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American Christianity’s Faustian Bargain Comes Back to Bite

And it’s biting hard:

A new survey reveals the stunning impact COVID-19 had on Americans’ religious perspectives. 

The percentage of adults with a biblical worldview has plummeted to just 4%. Dr. George Barna, director of the Cultural Research Center, finds the results of the American Worldview Inventory report alarming.

“It’s … much more extensive than we actually expected. Typically, you don’t find that religious beliefs change very much,” Barna told CBN News. “They’re probably the most stable of the factors in a person’s life because they relate to worldview that’s formed when you’re young, and it doesn’t change much as you age.”

The piece went on to detail solutions. But I think the reason for this crash is one that you’ll never get the establishment (such as it is) in American Christianity to admit: the hog-tying of material prosperity with Christian faith. It’s one I’ve discussed more than once, but especially in my piece My Thoughts on “Christianity’s Decline in the Northeast”. Making upward mobility a piece with getting saved was a short-term fix but problems were inevitable, and now they’ve come back to bite us.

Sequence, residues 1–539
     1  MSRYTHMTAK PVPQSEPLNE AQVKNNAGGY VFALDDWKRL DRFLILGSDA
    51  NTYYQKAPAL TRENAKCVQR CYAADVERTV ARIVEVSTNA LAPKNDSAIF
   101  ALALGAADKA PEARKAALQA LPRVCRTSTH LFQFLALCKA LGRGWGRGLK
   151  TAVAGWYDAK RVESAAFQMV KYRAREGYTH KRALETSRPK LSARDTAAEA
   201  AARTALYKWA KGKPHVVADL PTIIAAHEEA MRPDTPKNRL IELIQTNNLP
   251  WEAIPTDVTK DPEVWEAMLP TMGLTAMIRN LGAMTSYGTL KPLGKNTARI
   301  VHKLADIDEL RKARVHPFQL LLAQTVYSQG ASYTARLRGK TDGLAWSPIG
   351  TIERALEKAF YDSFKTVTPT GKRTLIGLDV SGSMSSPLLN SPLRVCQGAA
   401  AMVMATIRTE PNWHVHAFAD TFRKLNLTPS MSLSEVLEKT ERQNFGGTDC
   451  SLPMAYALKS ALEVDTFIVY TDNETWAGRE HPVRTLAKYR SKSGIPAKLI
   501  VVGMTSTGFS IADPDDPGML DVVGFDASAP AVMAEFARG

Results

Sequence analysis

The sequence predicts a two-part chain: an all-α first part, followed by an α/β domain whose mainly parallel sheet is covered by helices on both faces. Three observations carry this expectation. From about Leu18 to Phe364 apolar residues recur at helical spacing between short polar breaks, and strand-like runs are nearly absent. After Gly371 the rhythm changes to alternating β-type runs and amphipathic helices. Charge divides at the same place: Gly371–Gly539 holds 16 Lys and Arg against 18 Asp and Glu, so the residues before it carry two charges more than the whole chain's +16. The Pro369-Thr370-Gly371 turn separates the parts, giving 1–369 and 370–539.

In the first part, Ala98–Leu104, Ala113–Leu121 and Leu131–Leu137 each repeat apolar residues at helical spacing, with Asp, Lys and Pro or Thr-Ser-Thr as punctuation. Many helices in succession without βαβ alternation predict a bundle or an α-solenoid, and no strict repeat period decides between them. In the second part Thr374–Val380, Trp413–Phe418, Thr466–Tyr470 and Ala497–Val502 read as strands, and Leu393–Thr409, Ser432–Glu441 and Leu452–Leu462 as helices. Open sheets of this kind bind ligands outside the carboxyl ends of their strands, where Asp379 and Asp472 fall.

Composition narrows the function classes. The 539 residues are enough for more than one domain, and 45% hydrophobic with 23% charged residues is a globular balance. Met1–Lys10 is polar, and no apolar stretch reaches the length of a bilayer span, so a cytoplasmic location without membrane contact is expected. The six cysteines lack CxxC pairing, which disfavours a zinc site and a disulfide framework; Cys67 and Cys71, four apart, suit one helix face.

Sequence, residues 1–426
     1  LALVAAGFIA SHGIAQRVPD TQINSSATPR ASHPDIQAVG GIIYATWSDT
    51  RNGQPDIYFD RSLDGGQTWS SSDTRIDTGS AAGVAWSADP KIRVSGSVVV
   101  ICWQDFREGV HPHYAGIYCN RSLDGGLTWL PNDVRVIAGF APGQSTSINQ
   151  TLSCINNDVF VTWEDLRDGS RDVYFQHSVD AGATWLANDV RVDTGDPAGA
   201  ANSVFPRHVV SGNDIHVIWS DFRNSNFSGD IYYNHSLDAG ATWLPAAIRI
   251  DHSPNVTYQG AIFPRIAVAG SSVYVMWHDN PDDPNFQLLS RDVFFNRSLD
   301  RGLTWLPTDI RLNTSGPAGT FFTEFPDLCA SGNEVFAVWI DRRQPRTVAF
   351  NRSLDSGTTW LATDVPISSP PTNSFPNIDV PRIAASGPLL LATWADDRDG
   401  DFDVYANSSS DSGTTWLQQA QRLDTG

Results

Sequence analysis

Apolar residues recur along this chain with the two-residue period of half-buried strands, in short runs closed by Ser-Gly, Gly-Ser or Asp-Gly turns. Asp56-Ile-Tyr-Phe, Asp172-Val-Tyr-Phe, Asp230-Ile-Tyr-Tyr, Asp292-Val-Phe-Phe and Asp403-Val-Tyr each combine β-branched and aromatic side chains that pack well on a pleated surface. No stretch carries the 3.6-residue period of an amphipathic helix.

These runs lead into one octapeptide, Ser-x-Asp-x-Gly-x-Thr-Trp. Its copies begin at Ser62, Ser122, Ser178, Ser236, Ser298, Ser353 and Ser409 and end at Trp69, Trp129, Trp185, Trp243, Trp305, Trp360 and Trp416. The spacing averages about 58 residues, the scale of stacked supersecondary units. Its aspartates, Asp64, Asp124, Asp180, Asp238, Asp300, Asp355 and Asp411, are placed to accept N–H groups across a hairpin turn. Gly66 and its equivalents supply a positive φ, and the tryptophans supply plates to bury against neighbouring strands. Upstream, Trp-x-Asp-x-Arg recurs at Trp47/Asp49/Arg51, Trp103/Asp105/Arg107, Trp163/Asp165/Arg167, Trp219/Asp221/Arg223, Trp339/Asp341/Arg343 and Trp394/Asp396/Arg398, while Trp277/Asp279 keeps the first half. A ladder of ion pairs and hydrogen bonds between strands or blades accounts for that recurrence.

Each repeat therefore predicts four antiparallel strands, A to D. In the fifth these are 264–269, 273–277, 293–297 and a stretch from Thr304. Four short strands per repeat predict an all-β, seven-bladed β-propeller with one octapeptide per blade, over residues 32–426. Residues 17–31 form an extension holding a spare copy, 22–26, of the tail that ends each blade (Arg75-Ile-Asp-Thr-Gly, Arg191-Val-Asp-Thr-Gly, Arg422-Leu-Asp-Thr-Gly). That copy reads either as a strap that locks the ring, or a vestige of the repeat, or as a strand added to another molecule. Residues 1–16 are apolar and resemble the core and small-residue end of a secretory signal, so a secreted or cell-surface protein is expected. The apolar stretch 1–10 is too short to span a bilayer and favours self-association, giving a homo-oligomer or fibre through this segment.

When things are going well and everyone is moving up (or thinks they are) this works. But when disaster strikes as it did with COVID and the backwash, people trained in this will come to the conclusion that either God doesn’t exist, he doesn’t care or is incapable of bailing them out of their situation. This is especially true in this country, where the “perfect life” obsession is the product of extended prosperity and institutional continuity.

But this isn’t a decent Christian rationale. Some of us saw Christianity as a counterweight to the basic injustices and setbacks of this life. Some of us knew that there would be sacrifice and renunciation for the prize. Some of us…but not enough, not in this country at least.

Late Roman Empire Christianity was based on something that could survive the collapse of the “Eternal City” and its Empire, that transcended the disaster unfolding around them. And it did in a way that endured for centuries, in some ways up to the present. But I doubt American Christianity will replicate this. American Christianity and its progeny outside the country, like the Church of England and the Anglican Communion, will come to the situation where the patient lives but the doctor dies.

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